The purpose of this disclosure is not to make an exhaustive listing of suitable dyes or stains because such may be easily ascertained by one skilled in the art from data readily available.
The same is true for any desired particular pulsed light source. For example, this method may be implemented with a mechanically shuttered, focused incandescent lamp as the pulse light source. Various catalogs and sales literature show numerous lasers operating in the near UV, visible and near IR range. Representative lasers are Hammamatsu Photonic Systems Model PLP-02 which operates at a power output of 2×10-8 J, at a wavelength of 415 nm; Hammamatsu Photonic Systems Model PLP-05 which operates at a power output of 15 J, at a wavelength of 685 nm; SDL, Inc., SDL-3250 Series pulsed laser which operates at a power output of 2×106 J at a wavelength of about 800-810 nm; SDL, Inc., Model SDL-8630 which operates at a power output of 500 mW at a wavelength of about 670 nm; Uniphase Laser Model AR-081-15000 which operates at a power output of 15,000 mW at a wavelength of 790-830 nm; Toshiba America Electronic Model TOLD9150 which operates at a power output of 30 mW at a wavelength of 690 nm; and LiCONIX, Model Diolite 800-50 which operates at a power 50 mW at a wavelength of 780 nm.
For purposes of the present invention a pulsed laser light source can emit radiation over a wide range of wavelengths ranging from between about 100 nm to 12,000 nm. Excimer lasers typically will emit over a range of between about 100 to 400 nm. Commercial excimer lasers are currently available with wavelengths in the range of about 193 nm to 350 nm.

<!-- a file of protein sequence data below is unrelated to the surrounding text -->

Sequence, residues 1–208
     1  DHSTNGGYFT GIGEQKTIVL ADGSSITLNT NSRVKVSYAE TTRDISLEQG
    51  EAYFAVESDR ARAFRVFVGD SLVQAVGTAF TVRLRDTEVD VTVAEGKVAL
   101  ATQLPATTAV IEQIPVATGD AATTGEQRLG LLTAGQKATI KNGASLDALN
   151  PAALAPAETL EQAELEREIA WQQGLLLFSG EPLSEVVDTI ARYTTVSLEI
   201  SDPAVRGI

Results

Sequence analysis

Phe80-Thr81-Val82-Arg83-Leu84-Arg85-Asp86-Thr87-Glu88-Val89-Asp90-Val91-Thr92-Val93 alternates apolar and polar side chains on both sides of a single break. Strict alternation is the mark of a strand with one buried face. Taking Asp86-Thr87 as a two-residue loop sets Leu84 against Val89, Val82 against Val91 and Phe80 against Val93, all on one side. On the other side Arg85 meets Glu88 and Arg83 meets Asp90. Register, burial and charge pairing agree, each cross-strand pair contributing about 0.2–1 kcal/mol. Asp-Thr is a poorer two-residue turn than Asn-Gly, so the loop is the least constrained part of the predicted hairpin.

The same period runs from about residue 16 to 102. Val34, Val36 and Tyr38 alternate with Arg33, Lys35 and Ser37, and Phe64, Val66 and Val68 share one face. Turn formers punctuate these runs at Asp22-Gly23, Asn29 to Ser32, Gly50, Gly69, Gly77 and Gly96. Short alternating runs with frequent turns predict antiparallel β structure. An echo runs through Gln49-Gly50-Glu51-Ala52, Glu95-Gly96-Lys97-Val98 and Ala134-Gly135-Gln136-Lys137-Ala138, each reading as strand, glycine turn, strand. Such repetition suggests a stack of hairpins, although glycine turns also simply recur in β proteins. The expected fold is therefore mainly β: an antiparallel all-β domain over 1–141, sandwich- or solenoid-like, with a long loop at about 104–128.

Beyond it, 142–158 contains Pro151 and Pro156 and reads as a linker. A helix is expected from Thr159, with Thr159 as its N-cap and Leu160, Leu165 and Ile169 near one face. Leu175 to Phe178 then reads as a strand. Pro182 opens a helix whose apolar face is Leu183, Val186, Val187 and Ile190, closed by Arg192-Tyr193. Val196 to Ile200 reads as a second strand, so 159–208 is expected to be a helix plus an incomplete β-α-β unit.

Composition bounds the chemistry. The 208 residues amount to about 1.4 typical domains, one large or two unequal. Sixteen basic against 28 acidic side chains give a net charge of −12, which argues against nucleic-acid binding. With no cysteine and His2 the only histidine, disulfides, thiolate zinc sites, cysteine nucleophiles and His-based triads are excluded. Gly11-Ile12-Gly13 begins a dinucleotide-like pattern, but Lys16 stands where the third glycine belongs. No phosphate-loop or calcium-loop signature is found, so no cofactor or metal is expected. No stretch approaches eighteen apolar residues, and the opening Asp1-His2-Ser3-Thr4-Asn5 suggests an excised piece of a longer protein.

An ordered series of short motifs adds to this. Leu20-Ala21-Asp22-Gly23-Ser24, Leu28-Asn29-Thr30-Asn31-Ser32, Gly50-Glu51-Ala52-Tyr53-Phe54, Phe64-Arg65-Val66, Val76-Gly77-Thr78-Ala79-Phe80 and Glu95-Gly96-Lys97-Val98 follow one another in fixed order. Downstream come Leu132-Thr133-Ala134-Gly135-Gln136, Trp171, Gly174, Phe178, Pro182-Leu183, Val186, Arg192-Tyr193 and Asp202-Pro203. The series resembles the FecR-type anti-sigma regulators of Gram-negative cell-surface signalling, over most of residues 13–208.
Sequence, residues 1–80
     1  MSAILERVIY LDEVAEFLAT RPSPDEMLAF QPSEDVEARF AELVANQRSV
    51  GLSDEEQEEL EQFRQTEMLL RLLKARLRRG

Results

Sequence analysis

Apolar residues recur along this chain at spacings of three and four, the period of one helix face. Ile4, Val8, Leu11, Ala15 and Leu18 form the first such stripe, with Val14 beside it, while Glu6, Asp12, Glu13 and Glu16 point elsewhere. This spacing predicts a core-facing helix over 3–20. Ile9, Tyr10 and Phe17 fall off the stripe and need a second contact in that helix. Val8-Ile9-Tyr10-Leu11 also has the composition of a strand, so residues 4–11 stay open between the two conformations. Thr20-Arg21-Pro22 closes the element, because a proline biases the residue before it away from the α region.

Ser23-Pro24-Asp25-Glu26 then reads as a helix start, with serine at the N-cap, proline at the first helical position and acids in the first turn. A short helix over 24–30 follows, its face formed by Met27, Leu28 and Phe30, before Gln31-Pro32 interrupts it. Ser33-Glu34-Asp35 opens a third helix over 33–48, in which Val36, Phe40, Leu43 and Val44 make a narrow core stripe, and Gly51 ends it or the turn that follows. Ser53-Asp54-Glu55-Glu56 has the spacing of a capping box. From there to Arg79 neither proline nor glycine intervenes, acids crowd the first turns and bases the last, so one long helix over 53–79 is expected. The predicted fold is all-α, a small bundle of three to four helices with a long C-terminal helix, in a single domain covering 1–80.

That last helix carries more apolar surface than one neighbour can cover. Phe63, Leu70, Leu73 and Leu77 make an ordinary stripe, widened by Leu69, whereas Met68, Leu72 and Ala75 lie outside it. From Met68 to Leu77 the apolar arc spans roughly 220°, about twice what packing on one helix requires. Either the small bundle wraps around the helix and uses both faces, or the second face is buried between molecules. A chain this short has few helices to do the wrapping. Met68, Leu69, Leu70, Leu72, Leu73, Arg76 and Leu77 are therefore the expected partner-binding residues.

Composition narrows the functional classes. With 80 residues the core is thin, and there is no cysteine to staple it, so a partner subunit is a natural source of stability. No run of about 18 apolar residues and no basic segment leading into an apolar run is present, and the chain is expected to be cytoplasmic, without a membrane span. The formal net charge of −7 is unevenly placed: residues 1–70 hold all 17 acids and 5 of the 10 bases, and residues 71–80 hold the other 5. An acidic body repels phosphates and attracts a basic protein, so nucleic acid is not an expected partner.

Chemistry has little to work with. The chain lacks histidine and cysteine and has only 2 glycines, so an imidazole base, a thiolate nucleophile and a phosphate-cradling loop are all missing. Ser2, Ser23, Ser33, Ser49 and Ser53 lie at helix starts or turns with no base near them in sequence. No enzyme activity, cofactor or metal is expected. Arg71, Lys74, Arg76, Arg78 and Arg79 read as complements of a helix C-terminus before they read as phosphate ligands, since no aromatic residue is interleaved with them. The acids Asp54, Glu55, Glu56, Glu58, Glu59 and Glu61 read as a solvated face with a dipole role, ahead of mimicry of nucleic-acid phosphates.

Preferably a laser diode will have an emission range of between about 380 to 1550 nm. A frequency doubled laser diode will have an emission range of between about 190 and 775 nm. Longer wavelengths ranging from between about 1300 and 3000 nm may be utilized using a laser diode pumped optical parametric oscillator. It is expected, given the amount of research taking place on laser technology, that these ranges will expand with time.
Delivered or absorbed energy need not be obtained from a laser as any source of light, whether it is from a laser, a short arc lamp such as a xenon flashlamp, an incandescent lamp, a light-emitting diode (LED), the sun, or any other source may be used. Thus, the particular instrument used for delivering electromagnetic radiation is less important than the wavelength and energy associated therewith. Any suitable instrument capable of delivering the necessary energy at suitable wavelengths, ie. in the range of about 100 nm to about 12,000 nm, can be considered within the scope of the invention. The essential feature is that the energy must be absorbed by the light-absorbing compound to cause localized heating thereof, followed by conduction of sufficient heat to the tissue to be ablated within the timeframe allowed.
In one illustrative embodiment, the heat probe itself is formed from a thin layer, preferably about 5 to 1000 μm thick, of a solid, non-biologically active compound, applied topically to a selected area of an individual's skin that is large enough to cover the site where a micropore is to be created. The specific formulation of the chemical compound is chosen such that it exhibits high absorption over the spectral range of a light source selected for providing energy to the light-absorbing compound. The probe can be, for example, a sheet of a solid compound, a film treated with a high melting point absorbing compound, or a direct application of the light-absorbing compound to the skin as a precipitate or as a suspension in a carrier. Regardless of the configuration of the light-absorbing heat probe, it must exhibit a low enough lateral thermal diffusion coefficient such that any local elevations of temperature will remain spatially defined and the dominant mode of heat loss will be via direct conduction into the stratum corneum through the point of contact between the skin and the probe.